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    Structuralist Analysis of Queen's "Bohemian Rhapsody"

    Queen’s "Bohemian Rhapsody" is full of colorful language and symbols, so it would be interesting to have a critical analysis of the song’s many themes and symbols using a structural approach.

    • This is an interesting idea but I think it is too broad. What kind of specific questions would you raise about the song, other than what themes and symbols it has? Also, I think you mean "structuralist" analysis, not "structuralistic" (if you're referring to the literary theory of structuralism). – Christina 9 years ago
    • Indeed, that was a typo and has been corrected. The idea of the article would be to analyze the lyrics without leaning toward any other theory, such as psychoanalysis or lesbian/gay criticism. While those ideas may be found within (indeed, they have been used before), I would like the meaning of the lyrics to be tested without the bias of other literary theories. – scmblack 9 years ago

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    Latest Comments


    A great article to read! My hope is that, in the future, the Superman movies will feature more interesting villains that can go toe-to-toe with big blue. I believe that the average comic book movie goer is not aware of the kind of villains out there for Superman to fight, and a new an interesting villain on the big screen could change that perspective for good.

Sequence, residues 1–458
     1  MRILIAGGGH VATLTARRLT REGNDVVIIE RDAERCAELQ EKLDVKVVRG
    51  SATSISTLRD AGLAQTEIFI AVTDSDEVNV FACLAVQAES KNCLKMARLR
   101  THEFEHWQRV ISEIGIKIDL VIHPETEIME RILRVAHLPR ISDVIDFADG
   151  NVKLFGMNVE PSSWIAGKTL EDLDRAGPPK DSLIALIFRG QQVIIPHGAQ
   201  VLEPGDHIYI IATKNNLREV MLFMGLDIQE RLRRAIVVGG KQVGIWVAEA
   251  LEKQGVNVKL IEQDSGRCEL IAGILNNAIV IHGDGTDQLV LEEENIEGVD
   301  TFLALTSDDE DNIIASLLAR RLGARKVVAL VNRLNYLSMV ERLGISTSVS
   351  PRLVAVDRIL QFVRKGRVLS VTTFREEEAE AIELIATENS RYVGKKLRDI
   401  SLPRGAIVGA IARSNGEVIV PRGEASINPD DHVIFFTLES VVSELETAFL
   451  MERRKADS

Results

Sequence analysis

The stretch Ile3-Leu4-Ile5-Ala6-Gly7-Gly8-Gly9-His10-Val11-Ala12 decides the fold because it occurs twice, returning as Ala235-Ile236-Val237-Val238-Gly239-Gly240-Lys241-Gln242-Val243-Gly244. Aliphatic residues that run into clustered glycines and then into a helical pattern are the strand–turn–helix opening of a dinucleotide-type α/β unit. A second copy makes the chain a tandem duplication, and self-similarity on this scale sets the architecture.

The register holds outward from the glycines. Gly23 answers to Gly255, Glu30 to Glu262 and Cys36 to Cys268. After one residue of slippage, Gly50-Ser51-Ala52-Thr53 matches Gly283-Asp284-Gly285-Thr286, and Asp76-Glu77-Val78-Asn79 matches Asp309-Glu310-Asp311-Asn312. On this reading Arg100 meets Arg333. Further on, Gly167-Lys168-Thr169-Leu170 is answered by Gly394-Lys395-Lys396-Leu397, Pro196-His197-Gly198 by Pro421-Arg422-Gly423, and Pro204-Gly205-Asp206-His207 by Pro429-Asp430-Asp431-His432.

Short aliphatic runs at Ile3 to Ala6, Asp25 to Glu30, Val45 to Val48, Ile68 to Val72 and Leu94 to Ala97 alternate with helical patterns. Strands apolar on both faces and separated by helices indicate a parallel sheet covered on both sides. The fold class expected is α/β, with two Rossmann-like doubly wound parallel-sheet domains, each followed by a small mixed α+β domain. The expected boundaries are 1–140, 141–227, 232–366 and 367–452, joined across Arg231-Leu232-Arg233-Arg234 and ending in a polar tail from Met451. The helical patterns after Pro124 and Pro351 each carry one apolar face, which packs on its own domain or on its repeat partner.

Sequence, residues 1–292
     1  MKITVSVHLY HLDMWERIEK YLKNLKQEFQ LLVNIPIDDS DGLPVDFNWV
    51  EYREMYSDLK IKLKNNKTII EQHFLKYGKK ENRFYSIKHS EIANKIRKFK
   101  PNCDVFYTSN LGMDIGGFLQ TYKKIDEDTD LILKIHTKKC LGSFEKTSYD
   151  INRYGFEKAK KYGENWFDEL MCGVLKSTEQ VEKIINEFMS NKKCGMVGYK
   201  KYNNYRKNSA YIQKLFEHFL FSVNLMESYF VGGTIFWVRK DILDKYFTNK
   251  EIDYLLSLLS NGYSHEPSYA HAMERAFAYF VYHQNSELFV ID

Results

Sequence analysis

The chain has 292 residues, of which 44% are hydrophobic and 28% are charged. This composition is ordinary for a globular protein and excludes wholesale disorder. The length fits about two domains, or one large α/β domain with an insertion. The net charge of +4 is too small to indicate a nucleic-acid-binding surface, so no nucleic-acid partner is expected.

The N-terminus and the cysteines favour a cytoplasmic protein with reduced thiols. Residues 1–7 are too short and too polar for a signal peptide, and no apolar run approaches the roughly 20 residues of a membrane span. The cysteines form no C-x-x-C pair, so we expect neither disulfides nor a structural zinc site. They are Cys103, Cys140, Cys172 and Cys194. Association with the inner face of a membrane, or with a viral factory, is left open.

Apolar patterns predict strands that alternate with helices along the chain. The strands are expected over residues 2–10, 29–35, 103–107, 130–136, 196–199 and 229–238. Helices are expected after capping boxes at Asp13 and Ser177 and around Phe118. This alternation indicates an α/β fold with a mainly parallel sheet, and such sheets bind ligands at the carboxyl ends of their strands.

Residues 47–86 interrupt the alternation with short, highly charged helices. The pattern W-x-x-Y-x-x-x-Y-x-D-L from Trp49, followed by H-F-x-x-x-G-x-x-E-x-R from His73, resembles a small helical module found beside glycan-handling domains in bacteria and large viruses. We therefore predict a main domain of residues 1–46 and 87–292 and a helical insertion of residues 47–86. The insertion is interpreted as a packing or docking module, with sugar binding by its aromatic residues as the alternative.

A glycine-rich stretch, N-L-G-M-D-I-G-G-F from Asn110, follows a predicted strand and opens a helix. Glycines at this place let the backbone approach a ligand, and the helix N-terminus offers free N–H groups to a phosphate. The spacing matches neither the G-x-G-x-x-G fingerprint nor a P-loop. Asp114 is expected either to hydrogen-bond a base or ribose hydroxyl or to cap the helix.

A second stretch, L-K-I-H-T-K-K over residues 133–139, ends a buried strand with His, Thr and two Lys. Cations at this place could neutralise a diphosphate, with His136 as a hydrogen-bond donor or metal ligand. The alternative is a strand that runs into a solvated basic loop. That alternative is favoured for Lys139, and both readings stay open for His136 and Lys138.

10 Superman Villains Who Don't Need Kryptonite

    This is the first I have heard of this trope, but it is not the first time I have experienced it. As a long time comic book and graphic novel reader, I often am able to guess what the fate of the female love interested before it happens, which is unfortunate as we see here from this trope. It may be time to retire the WiR trope, entirely, if not just to allow for an evolution in comic book story telling. But of course, the best reason to do so is to stop treating women in comics as items to drive the plot forward or worst – a MacGuffin device.

    Women in Refrigerators: Killing Females in Comics

    I wholeheartedly agree with you in regards to the way the game allows you to feel your character’s and the galaxy’s fate is under your own agency. However, it is difficult for me to overlook one’s entire games choices of morality coming down to three vague decisions in the conclusion of the game. That alone took the entirety of my game experiences and decisions and cast them away, leaving my sails with no wind. Nevertheless, that does not detract from the points you made, especially that the game allows you to have a unique experience, in game play, from your peers. Good read and great article.

    The Role of Choice in the Mass Effect Universe